Diving

While there are loads of fun things to do in Norway for people who prefer to feel solid ground beneath their feet, scuba divers will have lots of fun exploring the clear waters of the fjords and coastal dive sites. There are kelp forests, sea anemones, coral reefs, wrecks, and more. Changing tides and clear water create spectacular underwater environments that are accessible to divers of all levels.

Watch out for luminescent sea snails, colourful sea anemones, and if you are really lucky, you might even spot an orca whale.

The top dive sites in Norway

  • Salstraumen
  • MS Seattle, Kristiansand
  • DS Frankenwald, Gulen
  • Skarberget
  • Lake Lygnstøylvatnet

Climbing

There are several climbing areas in Norway, which are suitable for climbers of all skill levels.

Romsdal is the best-known climbing area – this is where you’ll find the Troll Wall, Europe’s tallest vertical rock face. If climbing 1,000 feet is a bit daunting, fear not because there are lots of other climbing opportunities in the local area.

Setesdal is to the north of Norway. There is a mix of climbing routes; choose from wall, crack, and slab climbing.

The Lofoten Islands off the west coast have granite peaks and lots of multi-pitch climbing routes.  Much of the climbing is around Henningsvarer, which is where the most popular crags are.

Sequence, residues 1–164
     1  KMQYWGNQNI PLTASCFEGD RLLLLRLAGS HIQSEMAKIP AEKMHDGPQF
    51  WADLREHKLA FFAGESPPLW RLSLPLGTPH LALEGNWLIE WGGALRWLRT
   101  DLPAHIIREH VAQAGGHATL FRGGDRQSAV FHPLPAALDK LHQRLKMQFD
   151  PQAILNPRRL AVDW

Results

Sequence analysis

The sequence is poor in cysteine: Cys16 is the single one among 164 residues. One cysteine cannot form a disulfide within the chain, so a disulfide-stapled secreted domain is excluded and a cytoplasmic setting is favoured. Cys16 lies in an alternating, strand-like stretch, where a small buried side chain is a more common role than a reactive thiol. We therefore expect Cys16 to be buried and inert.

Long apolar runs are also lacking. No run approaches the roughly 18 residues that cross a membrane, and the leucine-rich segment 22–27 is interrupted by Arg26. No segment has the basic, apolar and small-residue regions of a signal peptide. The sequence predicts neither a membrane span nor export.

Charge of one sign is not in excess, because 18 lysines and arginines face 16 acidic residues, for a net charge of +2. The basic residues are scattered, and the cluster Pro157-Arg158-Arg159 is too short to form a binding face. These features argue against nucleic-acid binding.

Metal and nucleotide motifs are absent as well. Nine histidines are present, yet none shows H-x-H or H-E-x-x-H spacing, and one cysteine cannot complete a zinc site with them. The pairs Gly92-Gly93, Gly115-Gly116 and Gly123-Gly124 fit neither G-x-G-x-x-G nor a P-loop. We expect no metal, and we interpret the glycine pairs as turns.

Stetind is a huge granite peak rising to a height of 1,392m. It is popular with rock climbers.

Narvik has plenty of multi-pitch routes and large granite walls, plus sport crags.

If you want to try bouldering, head to Hægefjell, near Setesdal.

Rafting

Sjoa in Gudbrandsdalen is the best-known rafting area in Norway. The Sjoa River is perfect for whitewater rafting. Here, the fast-flowing water runs over massive rocks and builds up energy when it passes through tight gorges.

While many sections of the Sjoa are very technical and should not be attempted without experience, there are calmer sections that are more suitable for beginners and novices. The best way to experience whitewater rafting on the Sjoa is to hire a guide to take you through the trickiest sections such as The Chocolate Gorge, Haystacks, Bye Bye Baby, and Devil’s Elbow. If you’d like to have a go at rafting on the Sjoa River, contact one of the local rafting companies.

Other rafting destinations worth checking out are Driva, Auster-Vefsna in Nordland, Trysilelva, Otra, and Dagali.

Other fun things to do in Norway worth trying during a trip to Norway include fishing, fjord kayaking, and sea kayaking.